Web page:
Dr. RayDr. Ray is Associate Professor of Medicine at Case Western Reserve University School of Medicine. Her primary interests include infection prevention and healthcare epidemiology. She has served as the University Hospitals Health System Medical Director of infection control and prevention since 2008. In 2009, she served on the National Quality Forum's Infectious Diseases Technical Advisory Panel for the National Voluntary Consensus Standards for Patient Outcomes. She is an active participant in University Hospitals medical staff leadership including having served as Chief of Staff at UH Ahuja Medical Center 2011-2013. As a member of the UH Ahuja Board of Directors, Dr. Ray is the chairperson of the UH Ahuja Medical Center Quality and Professional Affairs Committee.

New ID Faculty Member

Dr. SaadeElie Saade, MD

Welcome to Dr. Elie Saade as the newest member of the Infectious Diseases team! Dr. Saade completed his Fellowship in Infectious Diseases & HIV Medicine at Case Western Reserve University on June 30, 2015. Dr. Saade will be a faculty member of both the Division of Geriatrics and the Division of Infectious Diseases & HIV Medicine. Having completed Fellowships in both Geriatrics and Infectious Diseases, Dr. Saade’s professional interests focus on infectious diseases in the elderly.

Passion for Healthy Travel Inspires Generous Gift for Travel Medicine Clinic

Roe GreenA generous gift from UH benefactor and frequent traveler Roe Green (left) will help keep travelers safe here and abroad.

Philanthropist Roe Green is a world traveler, visiting more than 160 countries in her lifetime. Her passion for travel has inspired a generous $5 million gift to University Hospitals and the Division of Infectious Diseases that will help keep globe-trotting patients healthy.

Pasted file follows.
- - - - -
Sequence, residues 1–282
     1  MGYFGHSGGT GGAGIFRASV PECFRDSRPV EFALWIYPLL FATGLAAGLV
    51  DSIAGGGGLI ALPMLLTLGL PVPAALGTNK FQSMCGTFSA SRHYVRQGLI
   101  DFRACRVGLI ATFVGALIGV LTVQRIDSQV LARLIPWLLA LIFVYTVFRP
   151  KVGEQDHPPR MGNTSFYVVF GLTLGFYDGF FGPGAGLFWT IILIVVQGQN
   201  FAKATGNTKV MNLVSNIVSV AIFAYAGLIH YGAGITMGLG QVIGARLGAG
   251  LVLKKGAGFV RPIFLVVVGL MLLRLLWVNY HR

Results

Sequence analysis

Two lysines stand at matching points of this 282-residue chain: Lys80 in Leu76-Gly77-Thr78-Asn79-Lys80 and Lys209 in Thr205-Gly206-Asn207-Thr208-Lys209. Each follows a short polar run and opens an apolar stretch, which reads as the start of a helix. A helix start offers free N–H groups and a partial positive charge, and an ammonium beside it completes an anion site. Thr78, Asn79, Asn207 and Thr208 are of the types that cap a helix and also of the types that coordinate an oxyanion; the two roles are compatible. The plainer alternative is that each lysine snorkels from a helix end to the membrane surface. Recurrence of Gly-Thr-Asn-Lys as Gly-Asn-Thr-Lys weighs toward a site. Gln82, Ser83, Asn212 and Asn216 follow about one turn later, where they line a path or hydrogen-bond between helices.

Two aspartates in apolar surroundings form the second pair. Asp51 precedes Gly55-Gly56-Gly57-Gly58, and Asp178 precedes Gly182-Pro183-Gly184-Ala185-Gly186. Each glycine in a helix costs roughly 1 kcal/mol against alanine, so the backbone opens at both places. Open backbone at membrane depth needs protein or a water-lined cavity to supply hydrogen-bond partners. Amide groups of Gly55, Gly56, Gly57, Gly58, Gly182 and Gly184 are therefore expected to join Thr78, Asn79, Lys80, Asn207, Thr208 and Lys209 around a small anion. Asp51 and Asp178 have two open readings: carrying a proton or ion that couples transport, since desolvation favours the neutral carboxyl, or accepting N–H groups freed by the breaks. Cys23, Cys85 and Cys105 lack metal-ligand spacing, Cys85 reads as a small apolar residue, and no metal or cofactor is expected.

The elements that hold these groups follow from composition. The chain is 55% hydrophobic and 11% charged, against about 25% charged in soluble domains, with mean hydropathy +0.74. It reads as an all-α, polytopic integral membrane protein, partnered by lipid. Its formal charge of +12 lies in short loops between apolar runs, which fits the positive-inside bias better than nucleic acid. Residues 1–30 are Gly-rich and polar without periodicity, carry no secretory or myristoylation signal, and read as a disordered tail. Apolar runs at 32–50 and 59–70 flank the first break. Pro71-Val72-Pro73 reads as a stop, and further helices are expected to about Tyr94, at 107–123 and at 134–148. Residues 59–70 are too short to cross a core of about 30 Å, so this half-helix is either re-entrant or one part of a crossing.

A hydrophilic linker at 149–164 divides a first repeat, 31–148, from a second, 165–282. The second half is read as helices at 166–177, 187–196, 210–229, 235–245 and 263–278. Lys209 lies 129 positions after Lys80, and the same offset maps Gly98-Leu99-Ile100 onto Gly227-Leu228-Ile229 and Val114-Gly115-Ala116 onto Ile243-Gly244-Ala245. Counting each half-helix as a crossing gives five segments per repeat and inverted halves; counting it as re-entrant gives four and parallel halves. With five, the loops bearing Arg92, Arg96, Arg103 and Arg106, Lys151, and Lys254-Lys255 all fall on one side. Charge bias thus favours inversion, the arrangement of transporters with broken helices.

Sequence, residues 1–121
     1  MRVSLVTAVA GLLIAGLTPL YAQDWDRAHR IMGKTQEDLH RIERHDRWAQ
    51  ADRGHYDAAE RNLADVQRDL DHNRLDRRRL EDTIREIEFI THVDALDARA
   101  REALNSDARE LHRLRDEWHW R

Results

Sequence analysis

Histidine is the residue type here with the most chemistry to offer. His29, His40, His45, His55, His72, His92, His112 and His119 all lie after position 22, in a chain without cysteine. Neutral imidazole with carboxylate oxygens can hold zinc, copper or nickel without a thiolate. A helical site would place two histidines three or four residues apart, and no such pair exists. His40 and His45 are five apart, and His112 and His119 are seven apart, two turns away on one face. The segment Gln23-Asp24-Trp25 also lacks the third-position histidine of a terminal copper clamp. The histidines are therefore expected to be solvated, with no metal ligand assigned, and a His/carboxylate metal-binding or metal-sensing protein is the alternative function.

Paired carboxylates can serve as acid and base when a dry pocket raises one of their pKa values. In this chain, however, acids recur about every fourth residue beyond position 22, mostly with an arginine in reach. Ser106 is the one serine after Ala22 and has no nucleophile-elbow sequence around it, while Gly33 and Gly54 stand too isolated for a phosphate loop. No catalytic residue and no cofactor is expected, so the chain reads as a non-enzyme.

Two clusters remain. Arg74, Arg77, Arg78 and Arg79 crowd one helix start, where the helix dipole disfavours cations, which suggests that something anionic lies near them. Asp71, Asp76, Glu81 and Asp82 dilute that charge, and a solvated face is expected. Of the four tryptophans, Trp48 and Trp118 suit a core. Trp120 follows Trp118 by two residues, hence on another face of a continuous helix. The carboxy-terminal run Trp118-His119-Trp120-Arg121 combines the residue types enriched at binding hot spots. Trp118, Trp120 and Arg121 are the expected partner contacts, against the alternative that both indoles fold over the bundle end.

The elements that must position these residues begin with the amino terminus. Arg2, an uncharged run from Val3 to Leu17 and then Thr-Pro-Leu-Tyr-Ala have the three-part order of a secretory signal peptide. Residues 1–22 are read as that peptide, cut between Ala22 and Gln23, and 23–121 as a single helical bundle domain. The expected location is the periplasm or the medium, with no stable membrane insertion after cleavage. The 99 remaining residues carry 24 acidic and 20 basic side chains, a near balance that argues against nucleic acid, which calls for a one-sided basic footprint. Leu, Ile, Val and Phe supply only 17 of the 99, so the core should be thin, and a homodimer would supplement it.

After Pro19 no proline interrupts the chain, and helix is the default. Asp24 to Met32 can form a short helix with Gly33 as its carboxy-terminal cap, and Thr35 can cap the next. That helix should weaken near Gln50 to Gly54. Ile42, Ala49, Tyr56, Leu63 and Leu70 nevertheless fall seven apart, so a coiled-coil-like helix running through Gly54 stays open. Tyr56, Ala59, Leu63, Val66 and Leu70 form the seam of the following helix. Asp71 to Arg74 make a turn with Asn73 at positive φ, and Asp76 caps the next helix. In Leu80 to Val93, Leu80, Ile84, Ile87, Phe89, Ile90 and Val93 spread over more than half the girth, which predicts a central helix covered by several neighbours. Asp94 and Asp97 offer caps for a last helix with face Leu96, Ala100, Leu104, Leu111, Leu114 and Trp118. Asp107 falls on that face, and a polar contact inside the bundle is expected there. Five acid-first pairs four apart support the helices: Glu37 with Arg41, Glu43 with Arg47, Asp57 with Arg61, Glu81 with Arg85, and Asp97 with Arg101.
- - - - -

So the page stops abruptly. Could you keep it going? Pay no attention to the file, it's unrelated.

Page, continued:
Roe Green has had a lifelong passion for travel and began going overseas with her parents as a teenager. In preparation for these trips, she always has relied on UH’s travel medicine clinic as an important resource to stay healthy before, during and after her journeys. She has visited more than 160 countries and feels travel is an important educational tool.

One of the first of its kind in the country, the Roe Green Center for Travel Medicine serves about 4,500 travelers each year through clinics at UH Case Medical Center and UH Chagrin Highlands and Westlake health centers. International travelers – including those bound for developing countries that present special health risks – receive comprehensive preventive care, vaccines and education. UH physicians also help travelers with complex pre-existing conditions to manage their medical needs while abroad. In addition, UH is among the first U.S. providers to care for the special needs of students and children traveling overseas through its child travelers and adoption clinic at UH Rainbow Babies & Children’s Hospital.

Ms. Green’s gift will allow UH’s newly named Roe Green Center for Travel Medicine to provide targeted support for facilities, programs and physician-scientists in travel medicine, including renowned infectious disease specialists Robert Salata, MD and Keith Armitage, MD. UH also will enhance educational experiences for trainees in the internal medicine residency and infectious diseases fellowship, and provide continuing medical education lectures for physicians.

w. Henry Boom
Amy Ray